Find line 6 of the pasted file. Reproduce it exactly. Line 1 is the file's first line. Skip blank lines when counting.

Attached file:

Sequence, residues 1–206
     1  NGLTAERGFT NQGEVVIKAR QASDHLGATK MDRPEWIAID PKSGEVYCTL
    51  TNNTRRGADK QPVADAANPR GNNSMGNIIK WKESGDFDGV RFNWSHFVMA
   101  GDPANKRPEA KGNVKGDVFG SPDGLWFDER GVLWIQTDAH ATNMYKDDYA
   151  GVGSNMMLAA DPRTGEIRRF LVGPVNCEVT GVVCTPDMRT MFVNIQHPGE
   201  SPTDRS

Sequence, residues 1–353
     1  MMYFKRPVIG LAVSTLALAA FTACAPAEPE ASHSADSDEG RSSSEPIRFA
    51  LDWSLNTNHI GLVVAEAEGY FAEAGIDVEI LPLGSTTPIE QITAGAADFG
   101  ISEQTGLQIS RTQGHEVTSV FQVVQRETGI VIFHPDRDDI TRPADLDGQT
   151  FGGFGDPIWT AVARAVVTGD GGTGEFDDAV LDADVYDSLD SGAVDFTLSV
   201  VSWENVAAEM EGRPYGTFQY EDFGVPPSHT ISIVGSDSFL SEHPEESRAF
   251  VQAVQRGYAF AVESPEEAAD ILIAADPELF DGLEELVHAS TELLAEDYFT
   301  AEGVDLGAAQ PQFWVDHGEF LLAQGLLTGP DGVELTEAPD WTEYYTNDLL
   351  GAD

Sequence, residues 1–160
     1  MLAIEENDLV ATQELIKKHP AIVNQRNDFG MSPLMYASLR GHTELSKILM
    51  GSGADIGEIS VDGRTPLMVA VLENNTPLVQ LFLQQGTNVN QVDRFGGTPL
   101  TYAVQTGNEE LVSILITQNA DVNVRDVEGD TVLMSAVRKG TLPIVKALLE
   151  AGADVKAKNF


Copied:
   201  SPTDRS